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Koby Levin

Reporter, Chalkbeat Detroit

Koby Levin joined Chalkbeat Detroit in 2018. He was named Young Journalist of the Year for 2020 by the Society of Professional Journalists Detroit. His coverage of inequities in Detroit education has received awards for feature writing, education reporting, and best writing. He previously worked for the Joplin Globe and the New England Center for Investigative Reporting, where his work was a finalist for an EWA investigative journalism award. Koby is a Michigan native and is fluent in Spanish. Reach him at klevin@chalkbeat.org.

Thirty years after the law was passed, the definition remains unclear. Here’s a guide to understanding them better.
The proposal doesn’t have a clear political path after Democrats won full control of the state legislature in November
Chalkbeat Detroit will pay close attention to chronic absenteeism, because high rates in communities like Detroit are hurting pandemic recovery efforts
State funded preschool program struggles to compete for workers as private-sector wages rise
Advocates now have to navigate a crowded legislative agenda as Democrats take power in Lansing
Duggan administration shelves a planned $6 million investment in child care infrastructure for other priorities
Many Michigan school races were unusually combative, stoking fears that hyper-partisan discourse would interrupt the essential workings of local boards.
Families typically try their best to get kids to school, interviews with parents and researchers show. If you know why absenteeism remains high, we want to hear your story.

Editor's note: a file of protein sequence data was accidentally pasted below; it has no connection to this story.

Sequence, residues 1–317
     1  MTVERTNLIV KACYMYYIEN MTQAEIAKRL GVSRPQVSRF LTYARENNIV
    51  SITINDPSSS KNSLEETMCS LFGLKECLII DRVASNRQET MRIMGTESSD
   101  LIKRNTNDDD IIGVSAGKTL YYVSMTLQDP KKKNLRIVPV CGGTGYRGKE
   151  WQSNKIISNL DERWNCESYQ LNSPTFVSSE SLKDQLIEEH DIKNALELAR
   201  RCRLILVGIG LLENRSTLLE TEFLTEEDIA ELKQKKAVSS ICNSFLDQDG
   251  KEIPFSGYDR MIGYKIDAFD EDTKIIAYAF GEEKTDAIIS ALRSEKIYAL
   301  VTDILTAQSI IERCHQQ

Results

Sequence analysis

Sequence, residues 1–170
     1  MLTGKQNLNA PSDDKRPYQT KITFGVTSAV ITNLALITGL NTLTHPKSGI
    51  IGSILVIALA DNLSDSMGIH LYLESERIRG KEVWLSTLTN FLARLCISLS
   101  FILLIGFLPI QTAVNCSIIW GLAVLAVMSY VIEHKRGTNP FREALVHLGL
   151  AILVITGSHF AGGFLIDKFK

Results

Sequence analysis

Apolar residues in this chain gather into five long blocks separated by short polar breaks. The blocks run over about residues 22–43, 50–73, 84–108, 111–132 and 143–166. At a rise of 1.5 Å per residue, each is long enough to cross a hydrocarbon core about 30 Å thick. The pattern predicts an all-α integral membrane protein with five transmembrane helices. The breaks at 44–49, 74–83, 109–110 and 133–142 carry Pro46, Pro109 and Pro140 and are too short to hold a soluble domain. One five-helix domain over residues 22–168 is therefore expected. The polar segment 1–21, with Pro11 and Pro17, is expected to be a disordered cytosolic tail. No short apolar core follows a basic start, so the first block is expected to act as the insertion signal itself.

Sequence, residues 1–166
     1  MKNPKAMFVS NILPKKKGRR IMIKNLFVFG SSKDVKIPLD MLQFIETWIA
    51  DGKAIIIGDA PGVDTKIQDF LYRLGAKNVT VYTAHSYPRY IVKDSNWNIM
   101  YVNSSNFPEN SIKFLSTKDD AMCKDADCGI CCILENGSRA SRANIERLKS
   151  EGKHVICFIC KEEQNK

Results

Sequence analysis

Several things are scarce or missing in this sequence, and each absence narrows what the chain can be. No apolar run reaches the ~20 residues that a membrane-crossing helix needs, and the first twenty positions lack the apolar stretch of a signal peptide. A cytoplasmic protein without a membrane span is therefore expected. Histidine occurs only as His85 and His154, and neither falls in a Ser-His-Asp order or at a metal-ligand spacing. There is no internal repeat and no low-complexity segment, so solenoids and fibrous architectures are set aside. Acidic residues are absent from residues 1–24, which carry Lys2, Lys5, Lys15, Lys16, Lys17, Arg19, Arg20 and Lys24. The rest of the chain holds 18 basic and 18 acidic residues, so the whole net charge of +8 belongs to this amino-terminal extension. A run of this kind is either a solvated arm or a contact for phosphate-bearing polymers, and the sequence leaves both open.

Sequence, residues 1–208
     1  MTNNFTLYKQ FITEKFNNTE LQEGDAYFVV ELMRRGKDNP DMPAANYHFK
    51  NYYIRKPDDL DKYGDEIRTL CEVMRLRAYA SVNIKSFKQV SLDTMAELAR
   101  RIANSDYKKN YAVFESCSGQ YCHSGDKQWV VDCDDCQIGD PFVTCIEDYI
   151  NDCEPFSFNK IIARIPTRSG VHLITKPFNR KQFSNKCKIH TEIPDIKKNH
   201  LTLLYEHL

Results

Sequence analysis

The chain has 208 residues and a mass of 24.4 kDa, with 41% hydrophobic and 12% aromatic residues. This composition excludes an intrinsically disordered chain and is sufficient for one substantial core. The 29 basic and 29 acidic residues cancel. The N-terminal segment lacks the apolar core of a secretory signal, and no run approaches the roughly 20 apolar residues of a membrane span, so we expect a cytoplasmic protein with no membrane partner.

Schools have gotten little help addressing a problem that is far bigger than them, experts say, one whose roots lie in society-wide failures of housing, employment, and public health.
Did Dixon say kids can’t get COVID? Are children failing reading under Whitmer’s watch? As Election Day approaches, Chalkbeat looks into the candidates’ claims about each other.
The study findings are significant for Michigan, which has robust school choice policies but no rules to ensure that students have school options in their own neighborhoods.
Math scores declined sharply nationwide on the first National Assessment of Educational Progress, or NAEP, given since the pandemic, and Detroit was no exception.
Michigan students are largely back to maskless, in-person learning, but another set of divisive debates looms in upcoming school board elections.
Plaintiffs sought to use tax-protected MESP accounts to pay tuition at private, religious K-12 schools
Districts are heeding expert warnings of a “perfect storm” of economic uncertainty fueled by inflation, enrollment declines, the threat of recession, and expiring federal aid.
A new initiative pairs prospective child care providers with a staffer from the state licensing agency who helps with paperwork and inspections.
Return to the choir room ‘is like seeing your best friend.’
Researchers: School choice doesn’t help in remote areas that lack options.
Lawmaker wants to bar children from using their devices during the school day
Results provide some of the strongest evidence yet of the academic fallout from the pandemic
National charter school operators have largely avoided confronting the immense student need, fierce competition, and low regulation that characterize the school landscape in Detroit.
At Mark Twain School for Scholars and University Preparatory Academy Elementary School, there was a sense of optimism about the school year
The scramble for Montessori seats is in some senses a welcome sign for the Detroit Public Schools Community District
Supporters of the new rules say they will limit the influence of for-profit charter school management companies.
A coalition of national groups warns the early learning system is approaching ‘a catastrophic funding cliff’